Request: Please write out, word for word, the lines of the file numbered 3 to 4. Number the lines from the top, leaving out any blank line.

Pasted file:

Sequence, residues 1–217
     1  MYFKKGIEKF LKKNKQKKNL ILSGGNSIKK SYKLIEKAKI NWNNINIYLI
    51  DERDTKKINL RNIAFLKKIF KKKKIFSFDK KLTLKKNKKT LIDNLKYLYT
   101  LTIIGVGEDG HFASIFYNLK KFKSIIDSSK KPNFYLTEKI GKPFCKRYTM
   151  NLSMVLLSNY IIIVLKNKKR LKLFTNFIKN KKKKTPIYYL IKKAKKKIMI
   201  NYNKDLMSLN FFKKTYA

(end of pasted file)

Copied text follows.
    51  DERDTKKINL RNIAFLKKIF KKKKIFSFDK KLTLKKNKKT LIDNLKYLYT
   101  LTIIGVGEDG HFASIFYNLK KFKSIIDSSK KPNFYLTEKI GKPFCKRYTM